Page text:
Is this for local use? Or in a network (LAN) you control? Or is this for a machine that "faces" the internet?
In case of the first situation, you can get away with the use of HTTP protocol, instead of the HTTPS protocol. And if the files are stored on the computer running the kiosk software, the only thing you need to do to create a link in the HTML is: file:///C:\example\folder\structure\example_file_name.mp4 This will result in click-able links that open the linked file in the browser, not the default configured application. Depending on the file type you may need to install extensions in the browser to allow the browser to open them.
In case of the second situation, you can still get away with the use of the HTTP protocol, as your traffic remains in the LAN network you control. You will need to make the files available on a share if these files are located on a different computer in your network. You can assign a drive letter to that share and use: file:///Z:\example\LAN_share\example_file_name.pdf File will still be available as a link, your browser will still be able to open these if the appropriate extensions are installed.
In case of the 3rd situation, on a machine that "faces" the internet, you will need to use the HTTPS protocol. Most browsers won't allow any cross-link to the HTTP protocol anymore and only if the files are stored on the internet facing computer it might still be possible to link them in HTML using: file:///<drive letter>:\example\folder\example_file_name.rtf From a security standpoint, files stored directly on such a computer likely end up being more trouble than they are worth.
Unless I misread your request, a solution like: NextCloud may be much more useful. You have a nice web interface for file management, you can create a user in that ecosystem, which can only open files and nothing else, remove the password for that user and you have already practically all you need. Unfortunately, it is not a lightweight solution. And there is no version of NextCloud to install on Windows. Given the stance of the developers, there never will be a version for Windows either.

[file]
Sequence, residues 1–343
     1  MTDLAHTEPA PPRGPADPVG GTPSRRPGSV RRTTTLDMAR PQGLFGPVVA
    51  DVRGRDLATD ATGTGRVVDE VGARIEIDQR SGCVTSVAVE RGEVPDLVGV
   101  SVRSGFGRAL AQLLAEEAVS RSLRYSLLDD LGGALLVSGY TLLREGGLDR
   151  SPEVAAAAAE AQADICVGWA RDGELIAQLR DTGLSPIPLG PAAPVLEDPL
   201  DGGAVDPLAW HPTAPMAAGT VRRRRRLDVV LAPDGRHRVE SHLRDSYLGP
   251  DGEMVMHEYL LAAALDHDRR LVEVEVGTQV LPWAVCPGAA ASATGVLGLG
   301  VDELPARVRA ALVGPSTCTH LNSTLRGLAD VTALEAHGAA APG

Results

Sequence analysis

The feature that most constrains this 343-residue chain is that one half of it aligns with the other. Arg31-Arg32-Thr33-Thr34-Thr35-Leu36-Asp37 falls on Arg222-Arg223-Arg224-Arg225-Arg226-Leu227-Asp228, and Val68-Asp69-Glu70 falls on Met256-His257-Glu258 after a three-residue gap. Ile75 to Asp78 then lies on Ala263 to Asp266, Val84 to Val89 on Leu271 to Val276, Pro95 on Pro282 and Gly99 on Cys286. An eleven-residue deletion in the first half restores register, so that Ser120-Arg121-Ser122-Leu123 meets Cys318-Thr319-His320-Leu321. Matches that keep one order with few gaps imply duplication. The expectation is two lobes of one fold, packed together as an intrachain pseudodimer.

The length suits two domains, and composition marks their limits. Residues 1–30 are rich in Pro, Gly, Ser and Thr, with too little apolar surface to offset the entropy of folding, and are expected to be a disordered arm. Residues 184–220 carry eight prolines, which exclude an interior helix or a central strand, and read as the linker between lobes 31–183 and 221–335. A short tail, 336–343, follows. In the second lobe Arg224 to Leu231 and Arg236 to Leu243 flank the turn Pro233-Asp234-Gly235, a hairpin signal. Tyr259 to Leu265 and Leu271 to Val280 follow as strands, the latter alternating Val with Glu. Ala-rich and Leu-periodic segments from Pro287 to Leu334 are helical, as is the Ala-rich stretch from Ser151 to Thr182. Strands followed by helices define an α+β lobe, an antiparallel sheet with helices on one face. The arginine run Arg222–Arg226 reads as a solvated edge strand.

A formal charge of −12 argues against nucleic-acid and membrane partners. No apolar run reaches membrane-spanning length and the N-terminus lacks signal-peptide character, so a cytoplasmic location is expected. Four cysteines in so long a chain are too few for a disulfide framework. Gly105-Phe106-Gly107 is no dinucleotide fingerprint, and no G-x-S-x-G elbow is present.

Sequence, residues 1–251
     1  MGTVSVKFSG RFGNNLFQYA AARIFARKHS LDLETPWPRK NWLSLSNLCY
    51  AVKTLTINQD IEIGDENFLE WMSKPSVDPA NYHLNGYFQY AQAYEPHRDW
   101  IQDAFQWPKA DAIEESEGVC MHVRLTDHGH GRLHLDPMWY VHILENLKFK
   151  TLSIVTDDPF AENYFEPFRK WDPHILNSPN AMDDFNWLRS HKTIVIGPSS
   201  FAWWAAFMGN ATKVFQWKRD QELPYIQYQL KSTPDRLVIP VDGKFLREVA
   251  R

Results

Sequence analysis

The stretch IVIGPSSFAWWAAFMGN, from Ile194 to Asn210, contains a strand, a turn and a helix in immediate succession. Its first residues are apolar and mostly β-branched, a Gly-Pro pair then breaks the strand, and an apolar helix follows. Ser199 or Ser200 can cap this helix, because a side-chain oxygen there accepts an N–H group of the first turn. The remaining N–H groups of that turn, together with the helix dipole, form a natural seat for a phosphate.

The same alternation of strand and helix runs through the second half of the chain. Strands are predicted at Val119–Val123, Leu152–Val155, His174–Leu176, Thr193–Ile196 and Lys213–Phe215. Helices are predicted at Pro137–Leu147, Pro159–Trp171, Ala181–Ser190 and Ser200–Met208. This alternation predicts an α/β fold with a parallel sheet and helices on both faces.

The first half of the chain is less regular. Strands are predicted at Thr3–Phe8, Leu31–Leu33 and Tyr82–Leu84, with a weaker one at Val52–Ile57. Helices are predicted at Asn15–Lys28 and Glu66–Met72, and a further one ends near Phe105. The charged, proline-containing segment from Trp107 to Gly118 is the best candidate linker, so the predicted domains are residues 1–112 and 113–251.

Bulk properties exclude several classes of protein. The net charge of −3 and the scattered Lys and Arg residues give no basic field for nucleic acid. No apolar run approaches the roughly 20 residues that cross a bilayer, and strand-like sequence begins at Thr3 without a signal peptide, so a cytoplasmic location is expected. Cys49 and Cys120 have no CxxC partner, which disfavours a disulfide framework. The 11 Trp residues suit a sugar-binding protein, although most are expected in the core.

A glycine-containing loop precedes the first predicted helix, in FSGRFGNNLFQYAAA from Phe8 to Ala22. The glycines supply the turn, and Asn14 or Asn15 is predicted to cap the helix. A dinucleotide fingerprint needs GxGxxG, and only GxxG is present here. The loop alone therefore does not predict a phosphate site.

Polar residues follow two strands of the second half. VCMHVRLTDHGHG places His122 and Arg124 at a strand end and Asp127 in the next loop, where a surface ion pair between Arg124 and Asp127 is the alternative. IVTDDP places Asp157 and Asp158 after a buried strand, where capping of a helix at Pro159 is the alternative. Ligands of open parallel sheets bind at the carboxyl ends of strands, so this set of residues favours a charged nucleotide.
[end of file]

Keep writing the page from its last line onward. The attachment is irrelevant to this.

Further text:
You'll need a computer (virtual or on real hardware), install Linux on it, turn that into a LAMP server, then install NextCloud on that machine, configure it with user accounts/rights/extensions to your needs and finally add the files you wish to be available in the NextCloud instance, turned into a kiosk of sorts. VirtualBox (for creating virtual computers) is freeware, Linux is open source and can be freely downloaded (Ubuntu Server LTS version, it is one of the simplest ones you can use, because the installer has an option to turn it into a LAMP server immediately), NextCloud is open source and can also be freely downloaded.
What it will cost, is time. How much time? If you are a quick learner, not as much as you would think. Configuring NextCloud will be a bit of a time sink, because you'll see what nice things the default version can do and then you'll get a whiff of the available extensions. You'll likely end up dreaming up much more use-cases for that NextCloud server. There is an on-line demo
available where you can try out NextCloud and get a glimps of it's features (for the instant trial, the password is: demo). It can be as open or as closed off as you want it to be. And it runs just as well on-premise as it does in any type of cloud setup too.